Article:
In the post-script of Art Basel Miami Beach, one thing never changes: Every edition is pronounced “the best ever” by prominent collectors and organizers pleased with sales.
This one, however, might go down as the most newsworthy, although the prestigious contemporary art fair itself went as smoothly as any other, pranksters notwithstanding.
A New York City street performer was arrested after he managed to get into a VIP-only area where serious art-buying happens, yelled obscenities against the rich — and made the news after he pulled out a fake penis from his pants as he tousled with police.
A woman arrived at the Convention Center in a coat, and once inside, disrobed. She was wearing nothing but body paint — and rabbit ears. She was asked to leave. She put on her coat and left. The news didn’t even make a blurb, but an insider told me this story. “We’ve seen it all,” he said.
Never miss a local story.
We also saw at Art Miami the theft of an $85,000 Picasso plate — and protests that targeted Basel-goers over excessive use of deadly force by police. Local and out-of-town demonstrators shut down a highway, spilling over into the art districts. Then, amid the glitz, glamour and civic activism, a tragedy: Another young man was seriously hurt while running away from police for the minor offense of “tagging” a wall, this one in the Wynwood Art District of all places.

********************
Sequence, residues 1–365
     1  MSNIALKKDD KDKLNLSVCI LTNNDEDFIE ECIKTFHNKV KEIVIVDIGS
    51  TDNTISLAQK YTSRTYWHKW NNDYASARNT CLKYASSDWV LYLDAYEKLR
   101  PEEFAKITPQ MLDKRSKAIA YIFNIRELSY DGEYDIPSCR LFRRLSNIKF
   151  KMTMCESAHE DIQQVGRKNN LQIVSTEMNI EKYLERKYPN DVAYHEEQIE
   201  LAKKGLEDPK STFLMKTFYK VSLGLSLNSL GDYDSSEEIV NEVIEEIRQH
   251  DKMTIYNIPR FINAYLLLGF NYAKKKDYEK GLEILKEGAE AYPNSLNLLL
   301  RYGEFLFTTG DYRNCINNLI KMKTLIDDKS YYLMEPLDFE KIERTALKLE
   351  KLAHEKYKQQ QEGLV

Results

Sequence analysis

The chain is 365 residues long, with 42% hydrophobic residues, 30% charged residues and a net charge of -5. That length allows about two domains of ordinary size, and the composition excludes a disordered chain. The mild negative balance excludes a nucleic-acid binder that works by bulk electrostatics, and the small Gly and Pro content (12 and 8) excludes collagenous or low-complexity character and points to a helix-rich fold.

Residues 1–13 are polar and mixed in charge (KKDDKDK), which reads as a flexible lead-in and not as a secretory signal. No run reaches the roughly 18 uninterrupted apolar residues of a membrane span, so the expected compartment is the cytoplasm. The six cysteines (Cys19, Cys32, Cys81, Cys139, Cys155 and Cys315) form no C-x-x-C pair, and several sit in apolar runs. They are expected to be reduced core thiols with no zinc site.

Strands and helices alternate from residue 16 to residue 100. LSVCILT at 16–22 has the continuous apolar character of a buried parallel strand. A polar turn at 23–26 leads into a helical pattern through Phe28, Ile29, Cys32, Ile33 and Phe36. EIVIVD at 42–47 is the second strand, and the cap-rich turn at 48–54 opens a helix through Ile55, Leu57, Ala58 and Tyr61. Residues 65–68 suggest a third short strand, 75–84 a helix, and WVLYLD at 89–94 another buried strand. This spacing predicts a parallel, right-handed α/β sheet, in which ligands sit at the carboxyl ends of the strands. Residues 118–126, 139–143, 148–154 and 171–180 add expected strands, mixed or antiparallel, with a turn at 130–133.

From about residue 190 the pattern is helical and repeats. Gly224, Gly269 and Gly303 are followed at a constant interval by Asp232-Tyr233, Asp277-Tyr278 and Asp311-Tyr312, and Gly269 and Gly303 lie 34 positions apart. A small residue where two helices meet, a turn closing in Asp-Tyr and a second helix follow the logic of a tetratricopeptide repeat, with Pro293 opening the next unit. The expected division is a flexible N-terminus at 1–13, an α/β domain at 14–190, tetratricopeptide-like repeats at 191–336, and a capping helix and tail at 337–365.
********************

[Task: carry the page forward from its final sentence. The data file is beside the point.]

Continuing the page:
Delbert “Demz” Rodriguez Gutierrez remains in critical condition at Jackson Memorial Hospital after being struck Friday by a police car. Last summer, another graffiti artist, Israel “Reefa” Hernandez-Llach, died after Miami Beach police used a Taser on him. He was tagging a storefront.
A vibrant metropolitan art scene comes with its share of shenanigans and collateral damage, including graffiti artists tagging commercial walls in art districts and urban hubs.
We’re all grown up now, and it’s time to come to terms with the fact that what’s now dubbed “Miami Art Week” — because the art events extend far beyond Art Basel — will predictably attract eccentricities and shock-art behavior.
Shouldn’t local authorities know by now enough to manage all that comes with the territory?
All sorts of art, including graffiti-style, played a role in putting Miami on the international map.
Before highly stylized walls were painted in Wynwood by some of the world’s top graffiti artists — and before some of the most talented locals were, in a wise move, invited to join in to showcase their work, too — there was a thriving underground scene of graffiti “writers.”
There still is. And no, most are not gang members, as police often stereotype them.
They’re young people trying to express themselves, and yes, calling out for attention. Channeling their talents toward better purposes like mural-making in places that could use the art and making art events accessible to them are some of the things this community should be thinking about seriously. Reach out to them year-round.
Overzealous pursuit by police of street artists, as we’ve seen in these two cases, only brings about tragedy.
We can’t be an art destination and take a hard line against all that comes with the scene.